Another reason that antibiotics can have a narrow spectrum of activity can be their target molecules.If an antibiotic targets a molecule that a bacterium doesn’t even have, of course it won’t be effective against that bacterium. For example, isoniazid specifically targets mycobacteria, such as the bacterium that causes tuberculosis. It’s specific because it prevents the synthesis of mycolic acids, which are found in the cell walls of mycobacteria, but not most other types of bacteria.
It’s good to treat patients with antibiotics that have a narrow spectrum of activity, because then the ‘good’ bacteria that normally live inside of us won’t all get killed off along with the pathogen that caused the infection. However, when a patient comes into a clinic with an infection, it’s often not clear exactly which microbe is causing it. So in the case of severe infections, when it’s really important that an antibiotic work quickly so that the patient can survive, narrow-spectrum antibiotics would not be the best choice.
In the case of a severe infection with an unknown microbe, it would be better to use a broad-spectrum antibiotic. Broad-spectrum antibiotics are effective against a broad range of bacteria, so there’s a good chance that the antibiotic will clear the infection and possibly save the patient’s life.An example of a broad-spectrum antibiotic is tetracycline. As you remember from earlier in the lesson, tetracycline inhibits the bacterial ribosome and prevents protein synthesis. Tetracycline works against gram-positive, gram-negative and even obligate intracellular bacteria, which are bacteria that can only live inside their host’s cells, so they’re even more difficult to target with antibiotics.
There are two main reasons that tetracycline has a broad spectrum of activity:
- The bacterial ribosome is highly conserved among different types of bacteria and
- Tetracycline can enter most bacterial cells
One problem with broad-spectrum antibiotics is that they often kill a patient’s ‘good’ bacteria too. If our ‘good’ bacteria are killed, we can get opportunistic infections, which happen when a microbe that’s usually non-pathogenic takes advantage of a situation and causes disease. When a host’s ‘good’ bacteria are killed, it provides extra living space and nutrients that an opportunistic pathogen can take advantage of.But again, in the case of a severe infection, killing the patient’s ‘good’ bacteria is obviously better than the infection killing the patient.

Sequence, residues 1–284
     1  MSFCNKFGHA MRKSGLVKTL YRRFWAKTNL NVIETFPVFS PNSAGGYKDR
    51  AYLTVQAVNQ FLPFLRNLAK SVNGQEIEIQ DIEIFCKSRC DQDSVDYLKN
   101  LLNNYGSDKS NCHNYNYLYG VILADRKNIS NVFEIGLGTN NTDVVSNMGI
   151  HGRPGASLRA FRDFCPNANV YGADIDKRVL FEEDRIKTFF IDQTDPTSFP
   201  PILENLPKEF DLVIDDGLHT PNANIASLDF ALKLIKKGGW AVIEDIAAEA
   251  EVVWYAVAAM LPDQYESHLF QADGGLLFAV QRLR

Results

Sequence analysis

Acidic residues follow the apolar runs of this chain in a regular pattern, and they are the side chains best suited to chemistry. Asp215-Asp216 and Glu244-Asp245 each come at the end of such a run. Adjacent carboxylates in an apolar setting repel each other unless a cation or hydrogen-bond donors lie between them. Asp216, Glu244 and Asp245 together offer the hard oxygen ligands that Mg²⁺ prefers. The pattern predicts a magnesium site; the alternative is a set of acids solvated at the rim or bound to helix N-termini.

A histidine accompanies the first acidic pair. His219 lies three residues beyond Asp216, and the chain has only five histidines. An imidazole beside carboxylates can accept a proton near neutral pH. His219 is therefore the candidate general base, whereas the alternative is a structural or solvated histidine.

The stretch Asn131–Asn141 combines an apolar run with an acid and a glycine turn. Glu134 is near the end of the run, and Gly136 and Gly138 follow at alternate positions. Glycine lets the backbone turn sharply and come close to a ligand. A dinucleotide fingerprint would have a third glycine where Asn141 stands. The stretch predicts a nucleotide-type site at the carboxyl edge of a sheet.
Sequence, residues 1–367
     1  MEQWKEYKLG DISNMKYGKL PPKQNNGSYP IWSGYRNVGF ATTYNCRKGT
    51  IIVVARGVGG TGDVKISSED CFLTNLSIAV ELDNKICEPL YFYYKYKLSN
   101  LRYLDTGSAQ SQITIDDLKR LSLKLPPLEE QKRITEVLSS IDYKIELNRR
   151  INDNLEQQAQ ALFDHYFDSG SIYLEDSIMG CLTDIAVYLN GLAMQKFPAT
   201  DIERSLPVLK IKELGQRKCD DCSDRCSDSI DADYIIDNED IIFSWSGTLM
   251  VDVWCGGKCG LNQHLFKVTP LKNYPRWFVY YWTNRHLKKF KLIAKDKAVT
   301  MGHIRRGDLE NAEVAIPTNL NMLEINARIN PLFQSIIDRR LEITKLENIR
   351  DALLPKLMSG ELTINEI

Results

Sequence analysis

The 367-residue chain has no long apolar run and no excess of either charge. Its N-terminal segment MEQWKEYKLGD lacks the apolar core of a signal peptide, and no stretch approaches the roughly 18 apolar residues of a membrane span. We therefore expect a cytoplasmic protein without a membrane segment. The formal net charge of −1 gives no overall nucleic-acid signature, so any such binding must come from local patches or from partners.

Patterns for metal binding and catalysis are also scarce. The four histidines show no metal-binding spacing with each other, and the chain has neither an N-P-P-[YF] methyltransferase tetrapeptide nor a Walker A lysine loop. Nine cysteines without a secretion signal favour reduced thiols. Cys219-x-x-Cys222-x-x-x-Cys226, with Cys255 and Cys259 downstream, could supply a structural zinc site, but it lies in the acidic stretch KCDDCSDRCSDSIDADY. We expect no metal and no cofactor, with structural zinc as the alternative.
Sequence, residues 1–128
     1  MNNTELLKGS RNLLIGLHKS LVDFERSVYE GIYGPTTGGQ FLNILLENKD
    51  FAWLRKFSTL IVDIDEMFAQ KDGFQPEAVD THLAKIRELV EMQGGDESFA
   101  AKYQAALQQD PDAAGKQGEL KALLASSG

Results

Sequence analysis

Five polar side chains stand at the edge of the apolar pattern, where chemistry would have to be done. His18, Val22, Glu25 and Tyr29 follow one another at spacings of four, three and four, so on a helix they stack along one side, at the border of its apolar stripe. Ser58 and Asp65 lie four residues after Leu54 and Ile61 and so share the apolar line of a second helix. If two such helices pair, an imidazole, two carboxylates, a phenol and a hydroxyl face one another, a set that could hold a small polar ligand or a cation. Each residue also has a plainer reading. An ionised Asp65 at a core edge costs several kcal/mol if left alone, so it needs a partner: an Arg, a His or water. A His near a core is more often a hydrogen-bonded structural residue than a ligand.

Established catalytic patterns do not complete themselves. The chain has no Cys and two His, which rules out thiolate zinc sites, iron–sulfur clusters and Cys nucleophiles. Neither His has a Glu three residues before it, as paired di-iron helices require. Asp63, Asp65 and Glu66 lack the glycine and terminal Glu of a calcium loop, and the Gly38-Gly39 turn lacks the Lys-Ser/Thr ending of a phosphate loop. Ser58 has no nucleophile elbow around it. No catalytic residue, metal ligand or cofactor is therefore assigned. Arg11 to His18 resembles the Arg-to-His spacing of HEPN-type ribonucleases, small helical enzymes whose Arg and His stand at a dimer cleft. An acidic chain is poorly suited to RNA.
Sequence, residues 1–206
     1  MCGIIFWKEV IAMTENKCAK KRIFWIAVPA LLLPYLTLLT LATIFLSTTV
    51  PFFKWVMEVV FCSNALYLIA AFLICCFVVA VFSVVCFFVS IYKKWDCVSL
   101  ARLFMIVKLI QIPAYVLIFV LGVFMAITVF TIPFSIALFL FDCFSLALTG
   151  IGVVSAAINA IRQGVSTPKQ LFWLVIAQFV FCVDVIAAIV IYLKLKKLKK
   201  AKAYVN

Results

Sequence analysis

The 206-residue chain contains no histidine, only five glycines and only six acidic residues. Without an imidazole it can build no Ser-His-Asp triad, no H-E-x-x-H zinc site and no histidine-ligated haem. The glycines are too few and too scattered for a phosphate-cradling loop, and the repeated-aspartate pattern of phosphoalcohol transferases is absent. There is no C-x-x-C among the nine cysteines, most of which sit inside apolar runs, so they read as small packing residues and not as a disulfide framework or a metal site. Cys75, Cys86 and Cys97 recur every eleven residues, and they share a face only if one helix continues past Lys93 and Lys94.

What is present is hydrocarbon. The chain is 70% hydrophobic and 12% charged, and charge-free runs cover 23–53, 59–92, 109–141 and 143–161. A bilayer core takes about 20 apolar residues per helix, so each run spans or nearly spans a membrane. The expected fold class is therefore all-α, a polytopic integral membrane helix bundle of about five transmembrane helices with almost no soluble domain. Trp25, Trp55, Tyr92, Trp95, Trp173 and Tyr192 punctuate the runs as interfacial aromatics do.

Any opportunistic infections can be dealt with later, when it’s not an emergency.
In this lesson, we’ve learned some basic types of antibiotics. We’ve seen that bactericidal antibiotics kill bacteria directly, and bacteriostatic antibiotics stop bacteria from growing. Whether an antibiotic is bactericidal or bacteriostatic depends on what exactly the drug does to the bacterium.We’ve also learned about the spectrum of activity of antibiotics.
Narrow-spectrum antibiotics are only effective against a narrow range of bacteria, but broad-spectrum antibiotics are effective against a broad range of bacteria. It’s a good idea to use narrow-spectrum antibiotics when possible, because they won’t kill the patient’s ‘good’ bacteria and cause opportunistic infections. However, in the case of a serious infection with an unknown microbe, it’s best to use broad-spectrum antibiotics, because there’s a better chance of curing the infection quickly.
After seeing this lesson, you should be able to:
- Understand the differences between bactericidal (kills bacteria) and bacteriostatic (stops but does not kill) antibiotics
- Define narrow-spectrum (treats a select few) and broad-spectrum (treats a broad amount) antibiotics